Editorial Note: I originally wrote this post for the NDepend blog. Go check out the original here, at their site. If you like posts about static analysis, code quality, and architecture, head on over and check it out.
If you have a sadistic streak and manage a team of software developers, it’s probably high entertainment to dredge up some old, dusty piece of software and then to task them with maintaining it. If, on the other hand, you’re a normal human being and you’re asking this because it’s necessary for your business, you brace yourself. After all, this is legacy software, and the reaction of the team is likely to be quite predictable.
Alright, let’s take a look at this thing. Oh, man, look at that right there. A global variable. And — oh my god — there are dozens of these things. Who even wrote this? And, look at this over here. That’s the kind of idiotic, backward code that we used to have to write 20 years and 6 language versions ago when this code was current. But even when it was current, this code was horrible. This was obviously written by a trained ape.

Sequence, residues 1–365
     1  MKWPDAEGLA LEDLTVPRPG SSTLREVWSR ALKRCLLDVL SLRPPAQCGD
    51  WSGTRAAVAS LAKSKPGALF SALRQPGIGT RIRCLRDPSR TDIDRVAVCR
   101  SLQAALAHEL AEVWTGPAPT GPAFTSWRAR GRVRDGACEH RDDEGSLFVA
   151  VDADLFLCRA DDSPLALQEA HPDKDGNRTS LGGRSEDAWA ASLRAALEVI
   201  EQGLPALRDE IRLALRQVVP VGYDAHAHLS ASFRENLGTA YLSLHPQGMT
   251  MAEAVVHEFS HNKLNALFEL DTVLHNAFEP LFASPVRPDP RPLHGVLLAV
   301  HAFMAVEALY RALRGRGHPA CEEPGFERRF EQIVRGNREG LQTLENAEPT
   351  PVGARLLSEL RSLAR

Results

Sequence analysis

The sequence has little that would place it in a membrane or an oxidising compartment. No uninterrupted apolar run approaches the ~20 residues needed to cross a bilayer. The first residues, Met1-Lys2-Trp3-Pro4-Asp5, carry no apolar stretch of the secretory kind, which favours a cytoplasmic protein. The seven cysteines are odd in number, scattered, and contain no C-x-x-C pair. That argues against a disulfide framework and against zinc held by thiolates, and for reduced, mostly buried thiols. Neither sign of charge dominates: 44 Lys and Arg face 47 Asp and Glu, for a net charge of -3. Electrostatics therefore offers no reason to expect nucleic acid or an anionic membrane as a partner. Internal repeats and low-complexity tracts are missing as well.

When you’re a developer, the only thing worse and more contemptible than the uninformed code you wrote years ago, is the code that someone else wrote years ago. Not only is it alien to you in makeup and reasoning, this legacy code also features patterns that have gone out of date or even been forgotten.
But lest you, as a manager, assume that this is simply a matter of developers being prima donnas, consider that an encounter with legacy code bother developers precisely because it renders them less effective. They’re professionals, wanting to do good work, and the lead balloon you’ve dropped in their lap is an impediment to that.